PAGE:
13
$\begingroup$

Prove that:

If $n$ is greater than 2, then $(3n)!$ is divisible by $n! \times (n + 1)! \times (n + 2)!$

From Barnard & Child's "Higher Algebra".

I know that the highest power of a prime $p$ contained in $N$! is

$$ \left\lfloor{\frac{N}{p}}\right\rfloor + \left\lfloor{\frac{N}{p^2}}\right\rfloor + \left\lfloor{\frac{N}{p^3}}\right\rfloor ... $$

I'm unable to show that the formula above gives a higher value for $N = 3n$ than for the sum of its values when $N$ = $n$ , $n + 1$ and $n + 2$, considering the condition that $n > 2$.

$\endgroup$
4
  • 3
    $\begingroup$ Source of this question, please? $\endgroup$ Nov 1, 2014 at 11:00
  • 3
    $\begingroup$ This sequence is in OEIS: oeis.org/A161581 $\endgroup$
    – Irvan
    Nov 1, 2014 at 11:16
  • 1
    $\begingroup$ @GerryMyerson The source is Barnard & Child's "Higher Algebra". It's the exercise 37 on page 11. link $\endgroup$
    – 8wks
    Nov 1, 2014 at 11:54
  • $\begingroup$ An interesting combinatorial approach might be to relate the ratio $\frac{(3n)!}{n!(n+1)!(n+2)!}$ to the number of ways in which three candidates $A,B,C$ may draw an election with $n$ votes each, but in such a way that during the whole scrutiny the numbers of votes fulfill $A\geq B\geq C$. Essentially in the same way Catalan numbers are related to the Bertand ballot problem. $\endgroup$ Jan 8, 2020 at 22:15

1 Answer 1

4
$\begingroup$

It is an easy exercise to show that for all real numbers $x$ we have $$ \lfloor 3x\rfloor=\lfloor x\rfloor+\lfloor x+\frac13\rfloor+\lfloor x+\frac23\rfloor. $$ Thus for all $n$ and all prime powers $p^t\ge3$ we have $$ \begin{aligned} \lfloor \frac{3n}{p^t}\rfloor&=\lfloor \frac{n}{p^t}\rfloor+ \lfloor \frac{n}{p^t}+\frac13\rfloor+\lfloor \frac{n}{p^t}+\frac23\rfloor\\ &=\lfloor \frac{n}{p^t}\rfloor+ \lfloor \frac{n+\frac{p^t}3}{p^t}\rfloor+\lfloor \frac{n+\frac{2p^t}3}{p^t}\rfloor\\ &\ge \lfloor \frac{n}{p^t}\rfloor+ \lfloor \frac{n+1}{p^t}\rfloor+\lfloor \frac{n+2}{p^t}\rfloor. \end{aligned} $$ This leaves us to deal with the case $p^t=2$. But because $n>2$, we see that $3n$ exceeds one power of two higher than any of $n,n+1,n+2$. If $n>4$ (thanks, Petite Etincelle!) we have $3n>2(n+2)$, and in the cases $n=3,4$ we have $3n>8>n+2$. This gives us a necessary extra term compensating for the deficiency at $p^t=2$.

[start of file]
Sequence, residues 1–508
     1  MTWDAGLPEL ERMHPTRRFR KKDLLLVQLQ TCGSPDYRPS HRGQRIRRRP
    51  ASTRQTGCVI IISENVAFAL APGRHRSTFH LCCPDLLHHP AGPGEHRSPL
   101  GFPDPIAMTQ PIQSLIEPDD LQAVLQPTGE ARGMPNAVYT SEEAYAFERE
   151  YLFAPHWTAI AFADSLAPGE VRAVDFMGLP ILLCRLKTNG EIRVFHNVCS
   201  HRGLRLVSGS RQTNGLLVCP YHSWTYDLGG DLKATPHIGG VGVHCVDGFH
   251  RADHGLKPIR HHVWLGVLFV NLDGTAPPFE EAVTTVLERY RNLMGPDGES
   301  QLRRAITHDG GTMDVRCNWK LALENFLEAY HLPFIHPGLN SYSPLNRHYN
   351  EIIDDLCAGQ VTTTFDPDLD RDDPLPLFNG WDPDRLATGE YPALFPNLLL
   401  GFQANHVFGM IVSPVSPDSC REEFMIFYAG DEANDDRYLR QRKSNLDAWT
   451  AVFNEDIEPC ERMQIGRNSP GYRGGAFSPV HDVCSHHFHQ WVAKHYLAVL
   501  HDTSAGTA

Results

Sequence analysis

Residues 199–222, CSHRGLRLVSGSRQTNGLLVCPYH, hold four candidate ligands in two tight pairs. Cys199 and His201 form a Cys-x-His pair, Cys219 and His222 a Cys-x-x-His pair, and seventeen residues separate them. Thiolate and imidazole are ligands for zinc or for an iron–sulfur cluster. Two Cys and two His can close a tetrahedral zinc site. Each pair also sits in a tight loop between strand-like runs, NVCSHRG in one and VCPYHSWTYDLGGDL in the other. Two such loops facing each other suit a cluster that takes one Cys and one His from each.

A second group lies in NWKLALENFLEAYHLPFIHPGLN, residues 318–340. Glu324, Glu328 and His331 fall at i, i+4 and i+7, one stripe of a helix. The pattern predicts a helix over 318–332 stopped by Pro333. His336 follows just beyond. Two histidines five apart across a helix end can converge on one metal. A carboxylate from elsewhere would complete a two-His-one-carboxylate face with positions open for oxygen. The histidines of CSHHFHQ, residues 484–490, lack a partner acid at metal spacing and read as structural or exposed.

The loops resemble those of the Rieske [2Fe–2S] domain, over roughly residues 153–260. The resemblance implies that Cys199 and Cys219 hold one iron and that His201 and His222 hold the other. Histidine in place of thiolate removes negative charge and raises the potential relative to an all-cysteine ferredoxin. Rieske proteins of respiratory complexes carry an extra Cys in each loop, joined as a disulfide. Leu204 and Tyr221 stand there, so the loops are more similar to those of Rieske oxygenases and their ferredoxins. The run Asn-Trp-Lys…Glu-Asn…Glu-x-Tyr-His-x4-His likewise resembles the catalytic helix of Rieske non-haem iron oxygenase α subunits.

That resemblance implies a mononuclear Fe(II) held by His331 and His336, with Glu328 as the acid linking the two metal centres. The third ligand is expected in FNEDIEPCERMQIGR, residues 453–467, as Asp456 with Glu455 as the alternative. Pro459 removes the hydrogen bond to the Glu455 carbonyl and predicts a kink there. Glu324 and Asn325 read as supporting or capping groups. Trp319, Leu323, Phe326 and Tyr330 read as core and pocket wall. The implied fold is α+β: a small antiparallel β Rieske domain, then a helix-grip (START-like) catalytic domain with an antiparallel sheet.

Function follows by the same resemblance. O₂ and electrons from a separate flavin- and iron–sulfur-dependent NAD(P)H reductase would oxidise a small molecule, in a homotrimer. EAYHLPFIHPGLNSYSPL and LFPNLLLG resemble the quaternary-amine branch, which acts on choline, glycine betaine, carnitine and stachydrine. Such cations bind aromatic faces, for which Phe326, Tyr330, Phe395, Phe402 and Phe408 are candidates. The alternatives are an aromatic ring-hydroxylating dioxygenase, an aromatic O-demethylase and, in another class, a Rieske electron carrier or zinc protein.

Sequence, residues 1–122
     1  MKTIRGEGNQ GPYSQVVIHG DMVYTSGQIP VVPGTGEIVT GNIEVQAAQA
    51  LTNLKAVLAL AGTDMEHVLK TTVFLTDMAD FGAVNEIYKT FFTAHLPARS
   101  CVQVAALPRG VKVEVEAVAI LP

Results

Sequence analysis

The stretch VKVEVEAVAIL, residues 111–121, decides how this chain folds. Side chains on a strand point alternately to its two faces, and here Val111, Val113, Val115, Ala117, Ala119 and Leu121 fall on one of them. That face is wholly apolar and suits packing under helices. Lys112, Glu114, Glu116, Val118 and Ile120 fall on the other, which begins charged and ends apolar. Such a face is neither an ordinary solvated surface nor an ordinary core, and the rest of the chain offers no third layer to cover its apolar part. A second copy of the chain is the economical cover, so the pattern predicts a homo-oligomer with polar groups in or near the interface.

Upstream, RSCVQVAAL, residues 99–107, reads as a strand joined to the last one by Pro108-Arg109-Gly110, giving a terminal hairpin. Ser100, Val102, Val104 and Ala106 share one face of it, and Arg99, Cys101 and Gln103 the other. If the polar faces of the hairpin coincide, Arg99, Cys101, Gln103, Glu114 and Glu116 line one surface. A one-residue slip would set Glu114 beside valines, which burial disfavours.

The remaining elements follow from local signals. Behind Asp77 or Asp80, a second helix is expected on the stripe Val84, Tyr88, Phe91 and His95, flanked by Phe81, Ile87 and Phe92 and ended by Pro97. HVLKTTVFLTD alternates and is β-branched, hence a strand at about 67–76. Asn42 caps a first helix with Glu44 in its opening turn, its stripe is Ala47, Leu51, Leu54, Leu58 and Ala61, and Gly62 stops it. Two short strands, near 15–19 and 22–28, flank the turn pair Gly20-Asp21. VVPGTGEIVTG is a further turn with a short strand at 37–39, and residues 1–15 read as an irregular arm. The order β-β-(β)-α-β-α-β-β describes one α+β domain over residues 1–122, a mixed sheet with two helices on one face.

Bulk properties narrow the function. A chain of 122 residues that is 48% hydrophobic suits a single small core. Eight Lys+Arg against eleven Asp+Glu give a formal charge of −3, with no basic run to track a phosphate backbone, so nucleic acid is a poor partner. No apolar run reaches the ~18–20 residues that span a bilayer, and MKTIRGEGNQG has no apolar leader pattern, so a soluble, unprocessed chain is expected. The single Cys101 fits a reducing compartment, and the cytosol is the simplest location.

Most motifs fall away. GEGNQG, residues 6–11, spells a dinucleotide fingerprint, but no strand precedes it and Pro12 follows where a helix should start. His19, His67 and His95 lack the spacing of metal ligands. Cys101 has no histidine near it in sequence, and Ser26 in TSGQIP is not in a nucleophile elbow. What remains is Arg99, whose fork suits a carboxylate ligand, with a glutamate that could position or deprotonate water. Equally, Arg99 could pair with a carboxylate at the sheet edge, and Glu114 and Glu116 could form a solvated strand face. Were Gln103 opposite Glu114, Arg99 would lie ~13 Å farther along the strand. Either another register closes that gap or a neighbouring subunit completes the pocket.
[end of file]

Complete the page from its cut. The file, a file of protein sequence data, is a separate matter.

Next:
More precisely, if $n=2k+1$ is an odd integer, then $\lfloor \dfrac{3n}2\rfloor=3k+1$ in comparison to $$ \lfloor\frac n2\rfloor+\lfloor\frac{n+1}2\rfloor+\lfloor\frac{n+2}2\rfloor=k+(k+1)+(k+1)=3k+2. $$ On the other hand, if $n=2k$ is even, then $\lfloor \dfrac{3n}2\rfloor=3k$ and $$ \lfloor\frac n2\rfloor+\lfloor\frac{n+1}2\rfloor+\lfloor\frac{n+2}2\rfloor=k+k+(k+1)=3k+1. $$ In either case we are missing a single factor two, so having that single extra term suffices.

Summing the above inequalities for $p^t\ge3$ and coupling the terms corresponding to $p^t=2$ and $p^t=2^\ell$, where $\ell$ is the largest integer such that $2^\ell\le 3n$ shows that for all primes $p$ we have $$ \sum_{t>0}\lfloor\frac{3n}{p^t}\rfloor\ge \sum_{t>0}\lfloor\frac{n}{p^t}\rfloor+\sum_{t>0}\lfloor\frac{n+1}{p^t}\rfloor+\sum_{t>0}\lfloor\frac{n+2}{p^t}\rfloor. $$ The claim follows from this.

$\endgroup$
3
  • 3
    $\begingroup$ +1, a typo: $3n > 2(n+2)$ asks for $n > 4$. Btw, do you know if there is a combinatorial proof? Such as if we want to prove the Catalan number $\dfrac{(2n)!}{n!(n+1)!}$ is an integer, we can remark $\dfrac{(2n)!}{n!(n+1)!} = {2n \choose n} - {2n \choose n-1}$. The result here looks like a generalization $\endgroup$ Nov 1, 2014 at 14:00
  • $\begingroup$ Thanks for spotting that error, @PetiteEtincelle. Now fixed. I don't know of that kind of a proof. One may exist, though!? $\endgroup$ Nov 1, 2014 at 14:13
  • $\begingroup$ I want to revive this post. I think it's very great if there is combinatorial proof as @PetiteEtincelle said. $\endgroup$
    – LoveMaths
    Dec 12, 2021 at 1:27

Your Answer

By clicking “Post Your Answer”, you agree to our terms of service, privacy policy and cookie policy

Not the answer you're looking for? Browse other questions tagged or ask your own question.